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Now I come a stage to get all my data as a list in cache(objects) and my next thing I have to do is to remove some instances from the list.

Normally, I would do removing like this:

List<T> list;
List<T2> toBeRemovedItems;
// populate two lists
foreach(T2 item in toBeRemovedItems)
  list.Remove(delegate(T one) { 
    // build a condition based on item
    // return true or false

To be more specific, I actually build or populate toBeRemvoedItems list of a dynamic class (not a formal defined class). For example, the T class is something like MyClass and codes for removing are:

class MyClass<C> {
  public string Value1 { get; set; }
  public int Value2 { get; set; }
  public C ObjectC { get; set; }
List<MyClass<C>> list;
// populate list
// populate toBeRemovedItems. Here is an example of hard-coded codes:
var toBeRemovedLItems = new[] {
  new { Value1="a", Value2 = 1},
  new { Value2="x", Value2 = 10},
// toBeRemovedItems may be the result of Select from a collection
foreach(var item in toBeRemovedLItems)
   list.Remove(delegate(MyClass one) {
        return one.Value1 = item.Value1 &&
            one.Value2 < item.Value2;

I tried to search for Remove() method in IEnumerable interface from MSDN, but I cannot find the method of Remove() there (it makes sense that IEnumerable is used just for enumeration). In List class, there are several overloaded Remove(...) methods. I am not sure if there any alternative ways to remove items from a list by using LINQ or Lambda expressions?

By the way, I thought about a way to do a query against a list to get a subset or a new IEnumerable list with Where conditions, similar as moving items from a list. However, I prefer to remove items from my cached list, and there some cases I just cannot reset list property in a class to a new list (private set for example).

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Looks like a dupe. Well, basically you mentioned all possible methods in the post itself...… – Mehrdad Afshari Jul 26 '09 at 19:36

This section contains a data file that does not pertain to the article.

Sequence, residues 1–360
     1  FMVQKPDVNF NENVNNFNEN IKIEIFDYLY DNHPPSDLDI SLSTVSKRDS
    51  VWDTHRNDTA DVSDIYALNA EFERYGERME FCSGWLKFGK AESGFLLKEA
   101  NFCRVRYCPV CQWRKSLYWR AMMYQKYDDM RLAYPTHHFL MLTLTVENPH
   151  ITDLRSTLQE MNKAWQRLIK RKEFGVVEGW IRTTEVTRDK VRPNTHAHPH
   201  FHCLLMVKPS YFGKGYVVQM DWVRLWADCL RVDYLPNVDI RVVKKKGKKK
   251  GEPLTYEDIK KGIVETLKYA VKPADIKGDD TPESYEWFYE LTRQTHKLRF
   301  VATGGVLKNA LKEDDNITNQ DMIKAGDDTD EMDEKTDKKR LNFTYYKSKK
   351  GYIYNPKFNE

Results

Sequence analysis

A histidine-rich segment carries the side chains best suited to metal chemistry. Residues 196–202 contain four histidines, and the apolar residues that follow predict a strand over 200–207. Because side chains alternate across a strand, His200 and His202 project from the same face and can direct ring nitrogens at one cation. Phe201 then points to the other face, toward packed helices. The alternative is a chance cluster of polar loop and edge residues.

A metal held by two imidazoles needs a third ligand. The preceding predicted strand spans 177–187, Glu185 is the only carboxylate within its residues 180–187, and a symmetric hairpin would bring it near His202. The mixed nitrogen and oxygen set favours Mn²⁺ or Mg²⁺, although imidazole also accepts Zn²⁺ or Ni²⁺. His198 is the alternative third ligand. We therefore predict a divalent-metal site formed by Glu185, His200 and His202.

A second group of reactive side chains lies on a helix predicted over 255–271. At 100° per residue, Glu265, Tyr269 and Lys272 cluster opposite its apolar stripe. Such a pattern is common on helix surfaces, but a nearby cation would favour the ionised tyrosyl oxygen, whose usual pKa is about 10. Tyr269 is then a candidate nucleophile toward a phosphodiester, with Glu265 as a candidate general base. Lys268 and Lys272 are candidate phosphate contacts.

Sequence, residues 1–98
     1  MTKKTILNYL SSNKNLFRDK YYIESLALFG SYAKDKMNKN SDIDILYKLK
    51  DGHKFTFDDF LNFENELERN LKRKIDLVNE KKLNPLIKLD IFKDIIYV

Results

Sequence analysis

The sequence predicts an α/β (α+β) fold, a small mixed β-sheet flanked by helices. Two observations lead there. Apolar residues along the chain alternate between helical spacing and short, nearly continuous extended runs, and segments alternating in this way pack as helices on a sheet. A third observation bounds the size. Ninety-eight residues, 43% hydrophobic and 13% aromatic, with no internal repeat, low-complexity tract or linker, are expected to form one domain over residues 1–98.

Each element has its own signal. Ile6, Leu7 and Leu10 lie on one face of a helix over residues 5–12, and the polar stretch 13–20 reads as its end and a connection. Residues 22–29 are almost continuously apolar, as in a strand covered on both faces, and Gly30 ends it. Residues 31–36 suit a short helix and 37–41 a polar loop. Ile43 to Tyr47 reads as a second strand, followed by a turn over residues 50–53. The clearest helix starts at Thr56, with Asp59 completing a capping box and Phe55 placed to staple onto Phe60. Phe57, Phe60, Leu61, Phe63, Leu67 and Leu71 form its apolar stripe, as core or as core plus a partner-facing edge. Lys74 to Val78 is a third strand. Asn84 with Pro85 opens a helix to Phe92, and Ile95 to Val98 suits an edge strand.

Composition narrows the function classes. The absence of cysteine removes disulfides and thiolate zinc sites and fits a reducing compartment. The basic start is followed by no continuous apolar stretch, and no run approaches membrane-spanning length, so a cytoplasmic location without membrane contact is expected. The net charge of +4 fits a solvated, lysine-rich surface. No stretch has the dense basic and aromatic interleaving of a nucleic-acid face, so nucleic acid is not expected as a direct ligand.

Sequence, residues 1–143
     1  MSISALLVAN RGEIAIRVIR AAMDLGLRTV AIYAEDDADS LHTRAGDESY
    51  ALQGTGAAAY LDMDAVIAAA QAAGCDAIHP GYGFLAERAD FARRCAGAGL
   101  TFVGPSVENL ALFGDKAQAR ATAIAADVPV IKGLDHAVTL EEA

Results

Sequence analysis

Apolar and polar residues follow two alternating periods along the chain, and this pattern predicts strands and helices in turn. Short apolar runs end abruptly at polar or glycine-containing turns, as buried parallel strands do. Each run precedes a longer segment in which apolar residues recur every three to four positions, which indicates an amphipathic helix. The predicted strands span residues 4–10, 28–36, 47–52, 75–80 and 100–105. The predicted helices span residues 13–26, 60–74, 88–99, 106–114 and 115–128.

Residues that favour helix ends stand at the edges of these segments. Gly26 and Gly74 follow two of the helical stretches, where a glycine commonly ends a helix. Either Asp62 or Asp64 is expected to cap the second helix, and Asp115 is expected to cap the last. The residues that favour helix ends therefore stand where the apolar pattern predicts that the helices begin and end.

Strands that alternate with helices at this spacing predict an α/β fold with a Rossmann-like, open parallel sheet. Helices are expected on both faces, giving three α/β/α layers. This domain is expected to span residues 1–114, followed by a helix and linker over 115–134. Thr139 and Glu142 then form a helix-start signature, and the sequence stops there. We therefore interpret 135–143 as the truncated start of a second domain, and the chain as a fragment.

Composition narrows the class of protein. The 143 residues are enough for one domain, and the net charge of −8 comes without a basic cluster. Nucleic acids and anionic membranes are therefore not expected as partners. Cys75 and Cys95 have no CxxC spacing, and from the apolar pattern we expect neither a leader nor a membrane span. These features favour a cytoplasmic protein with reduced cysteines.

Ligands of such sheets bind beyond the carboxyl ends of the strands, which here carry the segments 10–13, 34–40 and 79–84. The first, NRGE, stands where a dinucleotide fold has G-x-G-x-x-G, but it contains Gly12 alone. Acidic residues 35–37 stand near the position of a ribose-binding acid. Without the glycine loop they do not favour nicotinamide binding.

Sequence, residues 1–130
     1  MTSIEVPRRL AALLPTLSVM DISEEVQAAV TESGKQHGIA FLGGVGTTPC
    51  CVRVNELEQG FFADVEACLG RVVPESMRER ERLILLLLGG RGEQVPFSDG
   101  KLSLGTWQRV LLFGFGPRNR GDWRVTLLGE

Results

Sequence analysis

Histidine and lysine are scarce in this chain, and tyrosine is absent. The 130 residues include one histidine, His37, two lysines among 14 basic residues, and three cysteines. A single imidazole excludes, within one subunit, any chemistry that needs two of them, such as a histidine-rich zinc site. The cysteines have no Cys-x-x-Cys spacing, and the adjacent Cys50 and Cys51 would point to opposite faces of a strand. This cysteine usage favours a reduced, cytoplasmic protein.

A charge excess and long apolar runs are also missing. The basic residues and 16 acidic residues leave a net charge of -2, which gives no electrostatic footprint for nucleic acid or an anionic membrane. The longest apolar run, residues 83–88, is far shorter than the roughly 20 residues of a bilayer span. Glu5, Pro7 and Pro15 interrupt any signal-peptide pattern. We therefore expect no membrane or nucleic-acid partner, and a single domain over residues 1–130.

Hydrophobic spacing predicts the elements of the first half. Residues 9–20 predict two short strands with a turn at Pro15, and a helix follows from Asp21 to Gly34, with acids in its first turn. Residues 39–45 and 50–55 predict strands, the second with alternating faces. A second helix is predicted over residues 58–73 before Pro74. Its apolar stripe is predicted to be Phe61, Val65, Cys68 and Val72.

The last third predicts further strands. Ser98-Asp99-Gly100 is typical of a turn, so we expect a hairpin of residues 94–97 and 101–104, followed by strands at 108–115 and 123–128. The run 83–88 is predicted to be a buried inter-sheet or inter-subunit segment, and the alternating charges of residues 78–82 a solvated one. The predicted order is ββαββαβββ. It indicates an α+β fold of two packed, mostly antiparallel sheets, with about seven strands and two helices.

You could use the method RemoveAll:

MyClass one; //initialize MyClass
list.RemoveAll(item => one.Value1 == item.Value1 && one.Value2 < item.Value2);
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i think it's actually a method of List<T>, not an extension method – Jimmy Jul 26 '09 at 19:29
Thanks! I update my post. – Francis B. Jul 26 '09 at 19:30
My understanding your codes is that you remove one item at a time. Still I have to loop each just like Rchard Hein's suggestion. – Jul 26 '09 at 20:07

You can use LINQ's Where method to filter out values that should not be a part of the list. The result is an IEnumerable<T> with the elements removed.

var res = list.Where(item => !(one.Value1 == item.Value1 && one.Value2 < item.Value2));

This will not updated the original List<T> instance but instead will create a new IEnumerable<T> with the values removed.

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What's the perf. hit doing this vs. a for loop removing the items? – Brad Martin Aug 23 '15 at 21:29

If I get the question correctly, to produce a unique set from two List.

For this, you can use the following

List list1; List list2;

List list3 = list1.Except(list2)

The list3 will contain unique items.

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This is the first answer that addresses my goal, which is to both remove and receive the enumeration of objects matching the lambda. – Carl G Sep 7 '12 at 17:29